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Singur farmers: Why they oppose Tata plant
Gargi Gupta | December 09, 2006
M V Rao, director of industries, government of West Bengal, is a pleased man. The balmy winter sun beats down on him as he stands in a field in Singur on a Tuesday morning, overseeing an army of around 1,000 workers drawn from the villages nearby who are erecting fences around the land on which Tata Motors' much-vaunted Rs 1 lakh (Rs 100,000) car project will come up.
"The work is almost complete. We have 95 per cent consent for the land," he says, while also taking innumerable calls on his phone. With Singur booming, both politically and economically, Rao is the man in the hot seat.
In stark contrast, a little distance down the dirt track, is Bajemelia village. Under a tree overlooking the fields, one spies a group of men standing despondently looking on at all the frenetic activity. Among them is Haradhan Majhi, who till the other day tilled nearly an acre of land inside what is now called the project land.
"Till recently," Majhi says, "it was my land. I cultivated three crops in it," he says, while staring at the distance, "There would be paddy, potato, jute, til. . ." he trails off. Did Majhi voluntarily give up his land?
"No, never," he says fiercely, adding, "I'll never agree to give away my land. It has been with us for generations. It has fed and clothed me and my family of 18 people." How will he support himself? Majhi's face clouds over: "I don't know. Starve, I suppose."
As Singur seethes, on the ground, on the streets of Kolkata, in the state assembly, and affects the national political scenario, it is difficult to make out which side has truth going for it. Is the government right or do the farmers, who allege large-scale irregularities and corruption, have a point?
Take a trip to Khaserbheri, Beraberi, Gopalnagar and Bajemelia, the four villages in the vicinity of the "project land" and there can be no doubt about the huge popular resistance to the land-acquisition. There's Joydeb Ghosh who wants to invest his compensation money in a business; there's Krishna Ghosh, who has purchased land further down the road in Kamarkundu. But individuals like these are few and far between.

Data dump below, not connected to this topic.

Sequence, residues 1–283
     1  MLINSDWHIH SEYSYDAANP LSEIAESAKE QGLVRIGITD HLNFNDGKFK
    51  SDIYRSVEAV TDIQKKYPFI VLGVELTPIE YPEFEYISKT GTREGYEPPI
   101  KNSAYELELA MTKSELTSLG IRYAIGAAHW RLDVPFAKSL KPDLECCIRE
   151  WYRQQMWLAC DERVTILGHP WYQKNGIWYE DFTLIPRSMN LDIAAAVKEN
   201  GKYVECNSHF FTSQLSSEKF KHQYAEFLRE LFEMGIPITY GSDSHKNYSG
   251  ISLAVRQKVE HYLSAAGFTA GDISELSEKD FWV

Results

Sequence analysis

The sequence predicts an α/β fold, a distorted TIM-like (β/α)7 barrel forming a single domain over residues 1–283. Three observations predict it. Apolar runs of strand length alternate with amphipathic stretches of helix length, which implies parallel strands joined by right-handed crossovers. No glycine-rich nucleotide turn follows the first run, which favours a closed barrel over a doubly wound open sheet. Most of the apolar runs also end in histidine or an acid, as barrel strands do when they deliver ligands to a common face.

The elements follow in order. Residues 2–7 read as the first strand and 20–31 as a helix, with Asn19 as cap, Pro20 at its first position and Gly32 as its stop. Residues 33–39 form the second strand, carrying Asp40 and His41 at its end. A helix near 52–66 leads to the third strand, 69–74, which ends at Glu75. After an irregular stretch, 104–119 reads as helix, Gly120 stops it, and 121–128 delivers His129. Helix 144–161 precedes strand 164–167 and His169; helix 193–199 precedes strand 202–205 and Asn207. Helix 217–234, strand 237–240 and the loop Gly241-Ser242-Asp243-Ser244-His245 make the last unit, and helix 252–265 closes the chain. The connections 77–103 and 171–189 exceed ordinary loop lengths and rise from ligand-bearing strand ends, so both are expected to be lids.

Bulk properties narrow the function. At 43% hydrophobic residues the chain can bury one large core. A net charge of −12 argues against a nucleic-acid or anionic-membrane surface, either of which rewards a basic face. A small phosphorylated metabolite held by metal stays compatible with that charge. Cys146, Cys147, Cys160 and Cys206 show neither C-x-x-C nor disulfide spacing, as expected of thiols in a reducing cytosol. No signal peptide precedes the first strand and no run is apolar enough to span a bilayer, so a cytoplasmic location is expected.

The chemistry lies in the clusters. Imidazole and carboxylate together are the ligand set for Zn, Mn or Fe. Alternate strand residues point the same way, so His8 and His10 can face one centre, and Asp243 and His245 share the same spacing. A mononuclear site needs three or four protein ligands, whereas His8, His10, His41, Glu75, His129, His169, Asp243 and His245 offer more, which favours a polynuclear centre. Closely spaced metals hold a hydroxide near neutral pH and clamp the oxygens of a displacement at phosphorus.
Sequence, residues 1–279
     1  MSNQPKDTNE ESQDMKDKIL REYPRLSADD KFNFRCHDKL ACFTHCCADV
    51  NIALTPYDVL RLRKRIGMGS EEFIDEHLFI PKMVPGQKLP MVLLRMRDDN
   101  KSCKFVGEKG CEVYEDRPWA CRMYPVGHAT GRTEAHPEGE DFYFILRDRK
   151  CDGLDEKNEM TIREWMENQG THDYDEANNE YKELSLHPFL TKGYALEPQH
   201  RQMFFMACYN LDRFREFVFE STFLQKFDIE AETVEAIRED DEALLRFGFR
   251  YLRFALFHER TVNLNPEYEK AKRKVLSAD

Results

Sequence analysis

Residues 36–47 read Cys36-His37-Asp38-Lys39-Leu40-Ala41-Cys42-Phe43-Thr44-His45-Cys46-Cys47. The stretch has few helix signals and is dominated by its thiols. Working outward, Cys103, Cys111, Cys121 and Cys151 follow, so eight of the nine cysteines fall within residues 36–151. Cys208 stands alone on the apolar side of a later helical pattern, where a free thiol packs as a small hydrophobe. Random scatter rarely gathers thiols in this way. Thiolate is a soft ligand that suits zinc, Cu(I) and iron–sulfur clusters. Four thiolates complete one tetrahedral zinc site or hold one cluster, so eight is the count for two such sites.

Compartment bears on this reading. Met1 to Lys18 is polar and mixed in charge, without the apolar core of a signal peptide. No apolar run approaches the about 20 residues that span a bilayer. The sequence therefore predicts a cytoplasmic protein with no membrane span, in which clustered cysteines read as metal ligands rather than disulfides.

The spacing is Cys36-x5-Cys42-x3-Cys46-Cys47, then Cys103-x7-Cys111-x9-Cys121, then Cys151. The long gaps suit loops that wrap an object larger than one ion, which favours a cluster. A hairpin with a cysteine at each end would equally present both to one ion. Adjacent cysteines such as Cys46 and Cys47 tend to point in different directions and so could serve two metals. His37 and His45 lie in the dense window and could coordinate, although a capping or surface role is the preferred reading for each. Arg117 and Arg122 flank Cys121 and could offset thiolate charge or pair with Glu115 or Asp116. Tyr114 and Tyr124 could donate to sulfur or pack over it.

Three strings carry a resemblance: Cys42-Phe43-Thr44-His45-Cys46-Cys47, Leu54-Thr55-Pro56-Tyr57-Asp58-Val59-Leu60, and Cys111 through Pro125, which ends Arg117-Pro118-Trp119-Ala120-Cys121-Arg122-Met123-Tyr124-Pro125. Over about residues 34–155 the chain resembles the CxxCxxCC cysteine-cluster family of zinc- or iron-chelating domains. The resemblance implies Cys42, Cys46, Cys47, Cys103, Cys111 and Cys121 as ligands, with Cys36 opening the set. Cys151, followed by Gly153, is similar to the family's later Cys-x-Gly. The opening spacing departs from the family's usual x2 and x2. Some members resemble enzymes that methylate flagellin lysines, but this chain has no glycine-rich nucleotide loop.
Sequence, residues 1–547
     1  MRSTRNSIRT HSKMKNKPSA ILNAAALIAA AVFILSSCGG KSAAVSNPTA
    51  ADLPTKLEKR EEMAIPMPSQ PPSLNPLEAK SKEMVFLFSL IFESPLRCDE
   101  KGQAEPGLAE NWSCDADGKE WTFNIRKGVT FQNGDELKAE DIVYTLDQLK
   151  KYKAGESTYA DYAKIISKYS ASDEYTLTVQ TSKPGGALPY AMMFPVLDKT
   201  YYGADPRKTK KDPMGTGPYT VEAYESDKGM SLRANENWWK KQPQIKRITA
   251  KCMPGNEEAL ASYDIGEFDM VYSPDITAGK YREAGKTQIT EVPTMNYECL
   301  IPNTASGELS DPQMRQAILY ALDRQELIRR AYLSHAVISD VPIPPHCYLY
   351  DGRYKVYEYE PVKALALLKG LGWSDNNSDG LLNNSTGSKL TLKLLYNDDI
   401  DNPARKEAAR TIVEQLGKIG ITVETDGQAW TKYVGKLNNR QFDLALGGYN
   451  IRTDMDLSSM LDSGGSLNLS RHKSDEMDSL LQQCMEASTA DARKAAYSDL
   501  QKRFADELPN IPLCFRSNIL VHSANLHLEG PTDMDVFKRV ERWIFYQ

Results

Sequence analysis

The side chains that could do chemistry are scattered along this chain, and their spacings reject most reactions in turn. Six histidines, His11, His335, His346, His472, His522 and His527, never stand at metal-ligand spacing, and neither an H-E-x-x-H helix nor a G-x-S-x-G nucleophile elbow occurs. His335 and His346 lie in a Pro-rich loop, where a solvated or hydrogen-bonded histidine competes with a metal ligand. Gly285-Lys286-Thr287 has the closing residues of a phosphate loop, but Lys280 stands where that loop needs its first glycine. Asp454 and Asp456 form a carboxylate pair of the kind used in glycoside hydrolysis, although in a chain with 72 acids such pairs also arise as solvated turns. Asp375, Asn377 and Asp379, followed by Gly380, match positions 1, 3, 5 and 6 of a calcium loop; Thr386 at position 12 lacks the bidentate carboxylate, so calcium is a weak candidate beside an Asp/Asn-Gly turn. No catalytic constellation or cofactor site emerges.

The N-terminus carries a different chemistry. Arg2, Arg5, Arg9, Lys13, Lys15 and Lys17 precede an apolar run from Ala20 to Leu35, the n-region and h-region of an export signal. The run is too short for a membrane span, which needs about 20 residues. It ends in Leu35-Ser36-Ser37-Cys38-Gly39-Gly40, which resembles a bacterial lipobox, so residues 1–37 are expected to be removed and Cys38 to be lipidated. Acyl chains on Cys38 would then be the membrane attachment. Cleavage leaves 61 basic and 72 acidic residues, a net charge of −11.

"It is my land. Don't I even have a say?" Harisadhan Ghosh raises the moot question. Harisadan is part of the Krishijami Bachao Andolan (KBA), the forum spearheading the local resistance.
For the past two days Ghosh, who says he has lost nine bighas to the project, and four others have been on an indefinite hunger-strike. "I never gave consent. My field was five plots inside the fence, and since all the five gave their consent they took away my land too."
As we speak, a crowd gathers at the nat mandir in Gopalnagar's Ghoshpara area, the venue of the hunger-strike. Everyone is agitated and the presence of mediapersons seems to give voice to the ire.
"Check the signatures on the consent letters, most of them were forged," says one. "Farmers who hold as much as 300 bighas in the two Ghoshparas have not given consent. What is the government talking about?"
Other scathing comments follow: "I tilled all nine bighas; how could cheques be sent to my cousins? They never had anything to do with the land," says one farmer. Another voice is heard: "What's the use of giving statements to the press, they never write the truth."
The point to note is that no one is complaining about the compensation -- around Rs 8 lakh (Rs 800,000) per acre, with separate higher valuations for three-crop land, plots nearer the main road and fields that have tubewells sunk in them.
"Eight years ago, the Himadri Chemicals factory came up just across the road. Its promoters, who purchased the land without any help from the government, paid around Rs 30,000 an acre," Rao says, underlining the more-than-generous package the state government has come up with.
Besides, the government has also come up with a scheme to pay the share-croppers and is in the process of paying to the farm workers.
But it is not just about compensation, explains Prasenjit Das in Khaserbheri village. "What use is cash to me? Putting money in the bank and earning interest is not enough, especially looking at the rising inflation. With land, my asset remains intact and what I earn from selling my produce is a bonus." Das has another argument to press his case: "Even if the government promises to give me a job, it fails to secure my children's future."
The problem in Singur is essentially just that: the irresistible coming up against the immovable. While the government wants to develop industry in the state, farmers are worried about losing their land and procuring the next meal for themselves and their families.
The chief minister seems to be in no mood to relent and wants the Tata plant to come up in Singur alone. Not surprising then that Singur simmers.
People like Das are still committed to their cause of saving their land. "This is not the end. Even in Kalinganagar the government did something similar, but no company has been able to start work," he says.
While the West Bengal government gets ready to acquire close to 50,000 acres all over the state for a slew of SEZs, ports, roads and so on, it should be a good idea to look at this other side of the story.